Warning: This post contains major spoilers for Game of Thrones season eight, episode four, “The Last of the Starks.”
The fourth episode of Game of Thrones‘ final season was a doozy, one that’s sure to launch a thousand conversations about the way this show is handling it’s non-white, non-male characters, and whether that ultimately destroys a lot of the hard work it put into their stories. That’s a topic for another post, but here we’d like to celebrate one of the characters who stepped out of the shadows to remind us that he’s the cleverest, and arguably most sensible person around: Varys.
The eunuch and former Small Council member has spent much of his time after fleeing King’s Leading in secretive corners of Essos and later as a pledged member of Team Daenerys. But he’s remained mostly off-screen or relegated to the sidelines until this week’s episode, “The Last of the Starks.” After paying special attention to the iron grasp Dany is keeping on her right to the throne—despite Jon’s better claim—Varys speaks up in a moment of alone time with Tyrion.
“I’ve served tyrants most of my life,” Varys explains. “They all talk about destiny.”
Varys is worried that Dany is going the route of her father, the Mad King Aerys. As a reminder, he almost destroyed all of King’s Landing in a fit of manic rage during Robert’s Rebellion. Dany isn’t quite at her father’s level; that man rarely bathed, lost all sense of propriety, and was visibly touched. But her staunch inability to see beyond her own importance has been clouding her ability to properly rule all season. To Varys, it’s become increasingly clear that she cares less about the people she would represen than she does her own self image.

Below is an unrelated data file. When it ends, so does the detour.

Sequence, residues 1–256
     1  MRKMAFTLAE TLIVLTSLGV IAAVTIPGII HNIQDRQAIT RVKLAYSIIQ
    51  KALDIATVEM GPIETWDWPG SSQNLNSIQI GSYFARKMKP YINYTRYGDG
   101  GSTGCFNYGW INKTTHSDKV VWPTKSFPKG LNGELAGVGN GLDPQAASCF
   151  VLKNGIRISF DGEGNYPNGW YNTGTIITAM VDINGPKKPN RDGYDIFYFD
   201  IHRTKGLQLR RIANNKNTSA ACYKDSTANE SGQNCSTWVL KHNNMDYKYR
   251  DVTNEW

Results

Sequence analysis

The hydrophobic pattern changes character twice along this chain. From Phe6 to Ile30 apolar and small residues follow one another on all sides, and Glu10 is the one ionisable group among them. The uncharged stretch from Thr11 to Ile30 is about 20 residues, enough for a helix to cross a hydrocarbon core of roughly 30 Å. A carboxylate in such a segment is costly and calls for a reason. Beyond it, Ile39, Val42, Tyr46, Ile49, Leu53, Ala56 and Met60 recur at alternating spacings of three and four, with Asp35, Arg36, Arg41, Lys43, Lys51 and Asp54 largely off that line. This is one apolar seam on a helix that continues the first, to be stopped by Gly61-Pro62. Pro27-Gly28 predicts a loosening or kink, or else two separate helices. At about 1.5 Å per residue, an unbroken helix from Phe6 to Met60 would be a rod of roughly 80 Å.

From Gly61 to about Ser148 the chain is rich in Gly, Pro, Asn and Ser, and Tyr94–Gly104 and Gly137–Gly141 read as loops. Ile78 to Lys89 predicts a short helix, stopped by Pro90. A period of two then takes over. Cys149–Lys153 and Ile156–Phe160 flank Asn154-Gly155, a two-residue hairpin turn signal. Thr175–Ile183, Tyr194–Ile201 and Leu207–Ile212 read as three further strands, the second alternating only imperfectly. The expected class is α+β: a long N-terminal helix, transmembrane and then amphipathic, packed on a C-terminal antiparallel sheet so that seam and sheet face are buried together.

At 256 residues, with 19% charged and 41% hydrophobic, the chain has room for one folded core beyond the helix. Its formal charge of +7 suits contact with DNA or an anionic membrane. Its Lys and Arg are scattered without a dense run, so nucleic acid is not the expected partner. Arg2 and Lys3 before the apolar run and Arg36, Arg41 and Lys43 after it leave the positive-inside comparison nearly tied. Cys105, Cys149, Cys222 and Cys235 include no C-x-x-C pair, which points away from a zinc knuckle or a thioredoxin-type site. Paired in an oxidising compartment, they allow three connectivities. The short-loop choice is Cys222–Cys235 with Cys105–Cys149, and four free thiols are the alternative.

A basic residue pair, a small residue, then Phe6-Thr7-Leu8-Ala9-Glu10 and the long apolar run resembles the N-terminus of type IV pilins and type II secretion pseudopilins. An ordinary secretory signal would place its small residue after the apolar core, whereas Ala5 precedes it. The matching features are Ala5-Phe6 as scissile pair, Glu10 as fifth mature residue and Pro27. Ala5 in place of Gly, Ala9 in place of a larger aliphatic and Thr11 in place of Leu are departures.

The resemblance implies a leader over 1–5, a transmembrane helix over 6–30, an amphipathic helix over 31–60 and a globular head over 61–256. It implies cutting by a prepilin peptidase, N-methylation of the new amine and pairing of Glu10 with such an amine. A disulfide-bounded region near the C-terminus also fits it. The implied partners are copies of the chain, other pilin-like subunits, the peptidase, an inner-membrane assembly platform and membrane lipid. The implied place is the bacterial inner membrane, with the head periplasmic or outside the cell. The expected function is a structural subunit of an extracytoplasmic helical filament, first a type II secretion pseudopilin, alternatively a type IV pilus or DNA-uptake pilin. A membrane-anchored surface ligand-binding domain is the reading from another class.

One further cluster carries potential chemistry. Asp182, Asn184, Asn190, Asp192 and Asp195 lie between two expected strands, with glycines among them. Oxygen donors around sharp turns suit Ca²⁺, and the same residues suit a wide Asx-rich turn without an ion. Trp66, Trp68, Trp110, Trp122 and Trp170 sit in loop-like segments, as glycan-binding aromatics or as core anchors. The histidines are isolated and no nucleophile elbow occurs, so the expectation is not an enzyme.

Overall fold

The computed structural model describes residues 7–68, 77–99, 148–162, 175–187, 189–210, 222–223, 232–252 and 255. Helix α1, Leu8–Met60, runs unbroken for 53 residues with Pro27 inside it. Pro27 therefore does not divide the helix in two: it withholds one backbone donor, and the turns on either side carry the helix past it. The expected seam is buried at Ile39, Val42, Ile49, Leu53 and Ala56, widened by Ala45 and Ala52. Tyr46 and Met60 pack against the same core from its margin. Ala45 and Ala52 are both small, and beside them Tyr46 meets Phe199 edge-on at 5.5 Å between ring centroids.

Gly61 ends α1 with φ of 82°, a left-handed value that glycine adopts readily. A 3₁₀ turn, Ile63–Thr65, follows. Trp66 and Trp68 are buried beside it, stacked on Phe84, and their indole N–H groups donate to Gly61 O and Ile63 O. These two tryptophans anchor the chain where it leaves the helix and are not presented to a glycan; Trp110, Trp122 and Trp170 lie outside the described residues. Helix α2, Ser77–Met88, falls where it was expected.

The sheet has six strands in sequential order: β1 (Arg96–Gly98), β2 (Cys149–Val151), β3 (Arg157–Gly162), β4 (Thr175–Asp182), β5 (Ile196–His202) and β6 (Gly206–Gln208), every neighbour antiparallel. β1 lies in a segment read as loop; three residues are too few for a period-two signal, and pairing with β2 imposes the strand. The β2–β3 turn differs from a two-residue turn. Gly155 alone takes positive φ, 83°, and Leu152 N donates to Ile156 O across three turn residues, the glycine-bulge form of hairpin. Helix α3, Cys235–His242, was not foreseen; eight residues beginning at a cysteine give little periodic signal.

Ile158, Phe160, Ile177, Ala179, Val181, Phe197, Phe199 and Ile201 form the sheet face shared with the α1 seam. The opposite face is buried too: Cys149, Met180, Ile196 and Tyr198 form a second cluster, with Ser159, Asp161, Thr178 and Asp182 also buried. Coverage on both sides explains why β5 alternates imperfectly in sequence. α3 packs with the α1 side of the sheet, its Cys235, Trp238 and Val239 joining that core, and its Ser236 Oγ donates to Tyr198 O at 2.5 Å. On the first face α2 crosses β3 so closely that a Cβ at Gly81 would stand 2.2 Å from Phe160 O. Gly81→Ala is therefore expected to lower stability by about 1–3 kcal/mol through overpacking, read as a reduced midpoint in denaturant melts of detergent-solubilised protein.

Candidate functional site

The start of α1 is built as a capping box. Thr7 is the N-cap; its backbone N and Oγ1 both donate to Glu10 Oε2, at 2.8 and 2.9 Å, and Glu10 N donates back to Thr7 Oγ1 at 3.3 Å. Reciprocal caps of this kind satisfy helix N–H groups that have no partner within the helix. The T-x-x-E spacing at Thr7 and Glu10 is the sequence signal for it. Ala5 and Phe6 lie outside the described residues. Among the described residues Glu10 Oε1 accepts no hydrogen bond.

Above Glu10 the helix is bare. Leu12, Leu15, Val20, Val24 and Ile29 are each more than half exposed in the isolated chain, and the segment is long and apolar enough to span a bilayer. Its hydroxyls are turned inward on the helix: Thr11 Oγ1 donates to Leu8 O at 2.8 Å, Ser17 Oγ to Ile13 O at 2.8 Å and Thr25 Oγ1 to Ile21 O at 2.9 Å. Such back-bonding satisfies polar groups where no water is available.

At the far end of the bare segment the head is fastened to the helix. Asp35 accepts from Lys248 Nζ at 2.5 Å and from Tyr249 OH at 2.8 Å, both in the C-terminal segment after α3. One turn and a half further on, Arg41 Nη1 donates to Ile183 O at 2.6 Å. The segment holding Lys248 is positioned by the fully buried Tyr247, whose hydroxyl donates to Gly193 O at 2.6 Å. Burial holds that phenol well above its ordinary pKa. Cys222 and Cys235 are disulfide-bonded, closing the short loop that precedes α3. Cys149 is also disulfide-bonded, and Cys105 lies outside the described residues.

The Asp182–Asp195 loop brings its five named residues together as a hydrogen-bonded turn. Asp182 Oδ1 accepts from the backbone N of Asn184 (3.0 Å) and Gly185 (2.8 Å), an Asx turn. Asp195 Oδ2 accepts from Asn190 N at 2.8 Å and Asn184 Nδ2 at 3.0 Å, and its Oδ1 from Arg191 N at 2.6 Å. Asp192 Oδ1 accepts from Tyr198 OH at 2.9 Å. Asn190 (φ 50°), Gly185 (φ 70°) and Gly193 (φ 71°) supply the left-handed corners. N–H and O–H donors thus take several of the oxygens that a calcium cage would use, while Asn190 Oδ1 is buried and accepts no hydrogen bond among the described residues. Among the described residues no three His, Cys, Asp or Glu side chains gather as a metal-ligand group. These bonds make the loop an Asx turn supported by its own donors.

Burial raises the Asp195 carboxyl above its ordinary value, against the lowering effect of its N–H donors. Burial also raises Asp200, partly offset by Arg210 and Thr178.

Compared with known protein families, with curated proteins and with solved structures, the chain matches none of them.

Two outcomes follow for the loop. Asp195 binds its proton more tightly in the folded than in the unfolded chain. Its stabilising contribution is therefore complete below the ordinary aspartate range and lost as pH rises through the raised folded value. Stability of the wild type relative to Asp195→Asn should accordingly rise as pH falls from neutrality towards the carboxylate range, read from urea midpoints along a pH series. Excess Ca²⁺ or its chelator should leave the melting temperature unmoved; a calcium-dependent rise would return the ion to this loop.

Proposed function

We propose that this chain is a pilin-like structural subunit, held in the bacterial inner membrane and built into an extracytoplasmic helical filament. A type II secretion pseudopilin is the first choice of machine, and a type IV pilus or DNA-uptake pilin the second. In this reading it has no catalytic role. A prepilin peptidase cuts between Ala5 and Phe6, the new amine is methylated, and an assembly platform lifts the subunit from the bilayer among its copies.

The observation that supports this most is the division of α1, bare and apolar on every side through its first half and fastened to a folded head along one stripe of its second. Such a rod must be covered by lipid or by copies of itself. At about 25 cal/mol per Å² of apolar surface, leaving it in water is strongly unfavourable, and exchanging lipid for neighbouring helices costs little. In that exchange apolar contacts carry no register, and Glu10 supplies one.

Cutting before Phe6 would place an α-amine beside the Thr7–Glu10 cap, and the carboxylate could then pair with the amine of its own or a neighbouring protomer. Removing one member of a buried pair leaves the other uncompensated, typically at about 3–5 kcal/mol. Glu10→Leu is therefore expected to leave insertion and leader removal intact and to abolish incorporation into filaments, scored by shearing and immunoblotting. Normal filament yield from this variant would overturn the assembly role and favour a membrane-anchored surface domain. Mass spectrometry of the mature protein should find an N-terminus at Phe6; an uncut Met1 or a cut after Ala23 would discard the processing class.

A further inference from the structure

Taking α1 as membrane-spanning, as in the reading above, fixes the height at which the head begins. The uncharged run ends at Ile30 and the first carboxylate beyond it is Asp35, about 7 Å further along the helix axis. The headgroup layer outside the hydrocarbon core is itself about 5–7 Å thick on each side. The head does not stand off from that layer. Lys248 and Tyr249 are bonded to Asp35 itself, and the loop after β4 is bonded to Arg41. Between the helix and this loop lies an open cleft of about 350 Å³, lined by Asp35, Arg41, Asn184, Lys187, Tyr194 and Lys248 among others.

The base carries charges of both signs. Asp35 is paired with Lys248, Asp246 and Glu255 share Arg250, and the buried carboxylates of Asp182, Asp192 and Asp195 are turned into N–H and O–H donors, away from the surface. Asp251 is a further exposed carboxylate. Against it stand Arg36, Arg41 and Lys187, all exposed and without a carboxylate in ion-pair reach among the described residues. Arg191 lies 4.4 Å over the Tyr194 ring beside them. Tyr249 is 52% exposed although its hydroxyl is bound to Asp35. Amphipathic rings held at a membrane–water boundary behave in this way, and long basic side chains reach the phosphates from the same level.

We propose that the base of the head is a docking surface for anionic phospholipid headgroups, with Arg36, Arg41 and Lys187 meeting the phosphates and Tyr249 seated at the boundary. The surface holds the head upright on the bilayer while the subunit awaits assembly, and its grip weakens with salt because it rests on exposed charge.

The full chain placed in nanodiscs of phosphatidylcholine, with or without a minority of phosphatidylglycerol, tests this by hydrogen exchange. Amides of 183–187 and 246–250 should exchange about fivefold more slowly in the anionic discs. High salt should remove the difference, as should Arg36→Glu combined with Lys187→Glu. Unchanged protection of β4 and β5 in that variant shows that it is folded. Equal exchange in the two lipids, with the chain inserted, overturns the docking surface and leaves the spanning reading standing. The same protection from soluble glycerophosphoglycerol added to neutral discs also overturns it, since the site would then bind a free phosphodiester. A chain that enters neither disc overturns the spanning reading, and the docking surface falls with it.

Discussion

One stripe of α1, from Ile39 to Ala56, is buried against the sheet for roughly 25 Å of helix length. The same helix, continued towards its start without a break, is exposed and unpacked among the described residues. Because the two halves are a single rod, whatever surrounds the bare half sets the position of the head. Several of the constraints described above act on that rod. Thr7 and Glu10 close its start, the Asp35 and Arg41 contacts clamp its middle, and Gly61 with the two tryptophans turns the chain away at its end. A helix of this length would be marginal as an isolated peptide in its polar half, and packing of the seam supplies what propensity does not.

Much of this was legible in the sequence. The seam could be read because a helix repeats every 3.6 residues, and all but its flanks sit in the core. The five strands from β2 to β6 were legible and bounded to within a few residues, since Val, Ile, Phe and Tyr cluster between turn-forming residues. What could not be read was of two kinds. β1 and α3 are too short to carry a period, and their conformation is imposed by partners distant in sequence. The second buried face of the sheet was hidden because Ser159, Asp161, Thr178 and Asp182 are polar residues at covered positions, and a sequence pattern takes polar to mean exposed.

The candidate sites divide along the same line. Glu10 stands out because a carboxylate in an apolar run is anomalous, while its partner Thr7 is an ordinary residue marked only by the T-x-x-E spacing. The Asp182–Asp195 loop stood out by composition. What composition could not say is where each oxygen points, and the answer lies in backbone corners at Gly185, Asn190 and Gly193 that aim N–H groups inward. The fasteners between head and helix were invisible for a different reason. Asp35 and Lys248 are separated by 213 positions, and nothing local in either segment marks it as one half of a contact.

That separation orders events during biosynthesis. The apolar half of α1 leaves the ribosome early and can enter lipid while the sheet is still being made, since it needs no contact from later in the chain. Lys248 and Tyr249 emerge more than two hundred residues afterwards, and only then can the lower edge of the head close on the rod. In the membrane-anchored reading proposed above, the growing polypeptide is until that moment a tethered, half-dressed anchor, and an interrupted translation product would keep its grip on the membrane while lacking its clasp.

“I will act in their interest no matter the personal cost,” Varys tells Tyrion. His only concern is protecting the small folk, those who have to feed their children and live on, no matter what’s going on in closed quarters. As the plot progresses, Varys—and arguably Sansa—are the only people who seem worried about what they’re actually fighting for, not just about the inner-politics in their small circle of those in the know.
Varys is more interested in Jon, whom he discovers from Tyrion—and indirectly from a loose-lipped Sansa—is the actual heir to the Iron Throne. The legitimate son of a Stark and Targaryen. He makes the unfortunate point that men will naturally be more loyal to Jon. But Jon also has a caring heart, and a more temperate disposition. He also thinks Jon has a better chance of uniting the North and the rest of the kingdoms. He’s almost definitely right there; the Northerners still don’t have much faith in their Targaryen queen.
By the end of their meeting, Varys seems to imply that he’s working on a plot that’ll have Daenerys killed. This disturbs Tyrion, who seems both stubbornly attached to his decision to rule alongside Dany, and also afraid of what will happen to him if he steps aside. We have no idea how any of this will play out, but Varys’ fear over Dany’s self-importance, coupled with his concern about the common folk, make him the MVP of this week. Let’s see if what he’s cooking up is actually as viable as he claims it is, or if he’ll be another victim in this never-ending game of thrones.